Jetpac Game - ZX Spectrum
Published by Ultimate Play The Game (succeeded by Rare in 1988), this was the first title to be released by the video game developer, and the first in a line of Jetman games.
The game was created by the co-founder of Ultimate, Chris Stamper, with the graphics being designed by his brother, Tim. Tim's wife, Carol, also helped co-found the company. Of course, during the 80s, computer games didn't require huge teams of people to create them.
The idea of Jetpac is to help Jetman rebuild or refuel his rocket to enable him to journey to different planets for exploration. However, he has to contend with a variety of hostile aliens during the process. There are eight types of alien, with a different type on each level that has different characteristics. Every 8 levels, the game cycles back to the first alien type.
The game plays in a horizontal wraparound format, in which the player can scroll off one end of the screen and reappear on the other side. In the first level (and every four levels), the player must help Jetman rebuild his rocket by gathering the three parts scattered around the screen. The rocket remains assembled for the following three levels, in which the player must refuel the rocket by gatheing the fuel pods and dropping them towards the rocket.
Collecting diamonds gives the player bonus points, and an extra life is given after every 10,000 points. Jetman can use his laser to destroy enemies, and he must also avoid touching them.
The fast-paced and slick nature of the game was proof that true arcade style games could be made for the ZX Spectrum, despite it's inferior capabilities compared to other machines.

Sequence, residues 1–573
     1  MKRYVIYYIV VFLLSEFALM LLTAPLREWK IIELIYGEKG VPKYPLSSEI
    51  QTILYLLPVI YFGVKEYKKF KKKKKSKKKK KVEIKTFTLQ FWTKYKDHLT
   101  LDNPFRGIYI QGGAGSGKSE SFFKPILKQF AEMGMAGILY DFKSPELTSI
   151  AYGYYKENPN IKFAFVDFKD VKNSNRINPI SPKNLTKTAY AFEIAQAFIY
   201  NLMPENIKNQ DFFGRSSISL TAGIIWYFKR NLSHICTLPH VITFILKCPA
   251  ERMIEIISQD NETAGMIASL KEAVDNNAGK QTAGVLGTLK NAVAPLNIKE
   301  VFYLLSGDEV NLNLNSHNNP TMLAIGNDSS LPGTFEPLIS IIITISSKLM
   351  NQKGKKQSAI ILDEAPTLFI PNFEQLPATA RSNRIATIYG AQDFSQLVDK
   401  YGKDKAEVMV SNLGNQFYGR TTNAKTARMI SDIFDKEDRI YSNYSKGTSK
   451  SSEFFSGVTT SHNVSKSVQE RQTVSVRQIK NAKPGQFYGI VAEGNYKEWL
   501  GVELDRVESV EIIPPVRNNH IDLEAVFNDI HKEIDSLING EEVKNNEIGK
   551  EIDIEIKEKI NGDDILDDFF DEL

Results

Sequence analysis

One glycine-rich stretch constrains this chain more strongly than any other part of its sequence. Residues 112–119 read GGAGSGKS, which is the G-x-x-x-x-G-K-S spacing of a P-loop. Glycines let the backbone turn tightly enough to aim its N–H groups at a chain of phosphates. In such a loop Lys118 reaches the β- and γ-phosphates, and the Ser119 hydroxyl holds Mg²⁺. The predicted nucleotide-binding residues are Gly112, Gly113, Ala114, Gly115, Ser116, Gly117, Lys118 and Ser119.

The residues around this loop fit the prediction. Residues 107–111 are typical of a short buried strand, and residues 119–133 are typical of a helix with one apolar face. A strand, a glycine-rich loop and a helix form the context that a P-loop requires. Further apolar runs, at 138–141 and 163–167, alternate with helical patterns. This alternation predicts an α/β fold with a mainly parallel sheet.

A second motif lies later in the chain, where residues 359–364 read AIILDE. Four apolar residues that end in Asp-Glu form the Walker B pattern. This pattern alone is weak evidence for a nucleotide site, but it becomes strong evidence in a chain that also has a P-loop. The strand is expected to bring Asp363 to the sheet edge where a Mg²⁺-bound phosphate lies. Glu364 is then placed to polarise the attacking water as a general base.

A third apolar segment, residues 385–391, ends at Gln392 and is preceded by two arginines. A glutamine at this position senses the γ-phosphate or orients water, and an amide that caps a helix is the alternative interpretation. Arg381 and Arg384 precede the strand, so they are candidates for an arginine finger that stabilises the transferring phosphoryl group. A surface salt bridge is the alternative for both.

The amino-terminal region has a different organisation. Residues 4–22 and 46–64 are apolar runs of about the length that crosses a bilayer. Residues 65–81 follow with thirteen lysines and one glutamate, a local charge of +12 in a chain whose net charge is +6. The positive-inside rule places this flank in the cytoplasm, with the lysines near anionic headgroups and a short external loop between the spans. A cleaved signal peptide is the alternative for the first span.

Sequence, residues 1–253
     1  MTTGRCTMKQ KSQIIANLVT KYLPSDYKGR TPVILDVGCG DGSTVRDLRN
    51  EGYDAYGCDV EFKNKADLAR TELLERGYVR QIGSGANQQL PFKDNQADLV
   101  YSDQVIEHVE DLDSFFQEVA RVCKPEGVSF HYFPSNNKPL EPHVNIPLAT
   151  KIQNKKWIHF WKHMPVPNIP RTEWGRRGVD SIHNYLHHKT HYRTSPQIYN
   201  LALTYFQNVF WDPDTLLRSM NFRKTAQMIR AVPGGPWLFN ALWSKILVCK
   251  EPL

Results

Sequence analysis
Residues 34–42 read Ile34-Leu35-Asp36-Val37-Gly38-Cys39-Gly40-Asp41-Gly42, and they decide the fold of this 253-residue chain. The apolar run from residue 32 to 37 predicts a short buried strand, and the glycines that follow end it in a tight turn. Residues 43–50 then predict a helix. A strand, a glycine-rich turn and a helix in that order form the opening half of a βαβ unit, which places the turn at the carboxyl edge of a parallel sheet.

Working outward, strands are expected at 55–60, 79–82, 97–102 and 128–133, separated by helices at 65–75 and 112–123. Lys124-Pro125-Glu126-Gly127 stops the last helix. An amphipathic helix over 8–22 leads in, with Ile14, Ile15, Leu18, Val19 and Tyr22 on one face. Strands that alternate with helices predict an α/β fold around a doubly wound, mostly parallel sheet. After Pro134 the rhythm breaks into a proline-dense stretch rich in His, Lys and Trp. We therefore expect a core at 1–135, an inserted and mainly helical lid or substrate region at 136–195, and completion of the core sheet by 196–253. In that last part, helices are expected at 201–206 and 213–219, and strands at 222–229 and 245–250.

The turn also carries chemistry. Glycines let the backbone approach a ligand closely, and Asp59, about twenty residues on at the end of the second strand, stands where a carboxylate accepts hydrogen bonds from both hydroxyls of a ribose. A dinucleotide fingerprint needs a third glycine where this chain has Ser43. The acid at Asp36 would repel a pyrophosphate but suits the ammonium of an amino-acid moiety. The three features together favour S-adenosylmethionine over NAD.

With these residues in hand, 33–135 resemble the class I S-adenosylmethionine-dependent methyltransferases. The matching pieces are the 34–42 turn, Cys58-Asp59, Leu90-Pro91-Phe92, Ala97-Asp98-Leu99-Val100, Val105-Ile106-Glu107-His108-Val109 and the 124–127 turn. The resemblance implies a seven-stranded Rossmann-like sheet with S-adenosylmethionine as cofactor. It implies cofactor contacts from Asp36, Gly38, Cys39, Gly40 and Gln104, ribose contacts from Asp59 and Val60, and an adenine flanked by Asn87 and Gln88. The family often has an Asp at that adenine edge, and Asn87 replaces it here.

The game was very well-received, and both the ZX Spectrum 48k and BBC Micro versions were awarded 9/10 by Computer and Video Games magazine. It was also "highly recommended" by Crash magazine, who stated that "it was difficult to find fault with the game". Jetpac also won "game of the year" at the Golden Joystick Awards in 1983.
Distribution and Sales
Around 300,000 Jetpac games were sold by Ultimate, making them a tidy profit of £1,000,000. Due to the success, the company quickly released a follow-up game during 1983, entitled Lunar Jetman, which also received rave reviews from the critics.
The game originally sold for £5.99 on cassette and £14.95 for the disc version. It was later distributed by the budget label Ricochet (part of Mastertronic) for £1.99 on cassette. The game also appeared on a number of compilations, including 10 Titles for the ZX Spectrum on Boots the chemist own label.
A third release of the game was distributed by Sinclair Research Ltd (UK).
The budget £1.99 cassette